Reverend Dr. Martin Luther King Jr. taught the practice of nonviolent resistance - the most effective, practical, and moral way for African Americans to achieve their civil rights. King preferred the term “active resistance” rather than the more familiar term “passive resistance”, since pacifism implies that force is not required to achieve a goal. This active protest was aimed towards eliminating the limitations set on blacks registering to vote. Unfortunately, nonviolent protests were still met with force. This painting shows the excessive violence by state troopers against civil rights protestors as they attempted to march peacefully from Selma, Alabama to the state capital in Montgomery. It became known as “Bloody Sunday”, March 7, 1965.
600 individuals began the march that day, but were met by troopers at the end of the Edmund Pettus Bridge. They were determined that the protesters would go no further and would be turned back. The participants in the march were turned back to Selma after many suffered injuries at the hands of the police from beatings with nightsticks, whippings, trampling with horses from mounted lawmen, and rounds of tear gas. 19 were hospitalized and more than 50 reported injuries.
In the foreground is John Lewis, who later became a congressman, receiving a beating that resulted in a fractured skull. He was the organizer of the march and asked those who were protesting with him to remain nonviolent even in the face of violence. A photograph of the incident as well as footage from that day were nationally televised. It shed light on the injustice of that area of the south and was a catalyst for the Selma to Montgomery March.
Dr. King was not present at the march on that day. He flew into Selma to show his support the very next day and was instrumental in organizing future gatherings to make the march to Montgomery. He is depicted here iconically as the proponent of nonviolent resistance and in solidarity with those who did march and their organizers, especially John Lewis.
Background re: MLK, Jr.
The Reverend Doctor Martin Luther King, Jr. was a Baptist minister, and the most recognized leader of the American Civil Rights Movement until his assassination on April 4, 1968. Throughout his adult life he championed non violent resistance and civil disobedience as means of protest toward Civil Rights abuses, primarily toward African American Citizens. His influence using these techniques carried over to poverty, segregated housing, and Vietnam war issues, and resulted in him being arrested multiple times. He was the first president of the Southern Christian Leadership Conference, (SCLC) organizing it, unsuccessfully, in a struggle against segregation in 1962 in Albany, GA. He helped organize the nonviolent protests in Birmingham, Alabama in 1963. He helped organize the 1963 March on Washington, where he delivered his famous "I Have a Dream" speech.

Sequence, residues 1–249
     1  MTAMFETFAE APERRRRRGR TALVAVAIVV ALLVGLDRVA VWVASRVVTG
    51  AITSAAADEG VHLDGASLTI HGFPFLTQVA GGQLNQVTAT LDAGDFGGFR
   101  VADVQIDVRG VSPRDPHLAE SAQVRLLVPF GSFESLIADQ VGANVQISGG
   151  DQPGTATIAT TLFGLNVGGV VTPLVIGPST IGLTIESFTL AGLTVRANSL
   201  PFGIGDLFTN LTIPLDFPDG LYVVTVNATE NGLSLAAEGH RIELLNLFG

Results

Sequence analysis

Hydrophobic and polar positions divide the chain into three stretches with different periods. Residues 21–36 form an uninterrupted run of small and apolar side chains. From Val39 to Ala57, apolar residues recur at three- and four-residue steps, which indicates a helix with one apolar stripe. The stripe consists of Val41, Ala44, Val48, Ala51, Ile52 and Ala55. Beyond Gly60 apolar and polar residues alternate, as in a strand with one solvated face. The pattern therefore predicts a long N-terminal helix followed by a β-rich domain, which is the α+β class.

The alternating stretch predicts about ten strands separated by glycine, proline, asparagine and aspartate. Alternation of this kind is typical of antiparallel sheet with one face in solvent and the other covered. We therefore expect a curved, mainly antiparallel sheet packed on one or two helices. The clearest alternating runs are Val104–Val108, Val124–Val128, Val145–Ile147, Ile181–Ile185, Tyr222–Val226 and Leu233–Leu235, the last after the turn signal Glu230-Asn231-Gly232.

On October 14, 1964, King won the Nobel Peace Prize for combating racial inequality through nonviolent resistance. In 1965, he helped organize the Selma to Montgomery marches. He alienated many of his liberal allies with a 1967 speech titled "Beyond Vietnam". J. Edgar Hoover considered him a radical and made him an object of the FBI's COINTELPRO from 1963 on. FBI agents investigated him for possible communist ties, and reported on them to government officials, and on one occasion mailed King a threatening anonymous letter, which he interpreted as an attempt to make him commit suicide.
King was posthumously awarded the Presidential Medal of Freedom and the Congressional Gold Medal. Martin Luther King Jr. Day was established as a holiday in numerous cities and states beginning in 1971; the holiday was enacted at the federal level by legislation signed by President Ronald Reagan in 1986. Hundreds of streets in the U.S. have been renamed in his honor, and a county in Washington was rededicated for him. The Martin Luther King Jr. Memorial on the National Mall in Washington, D.C., was dedicated in 2011.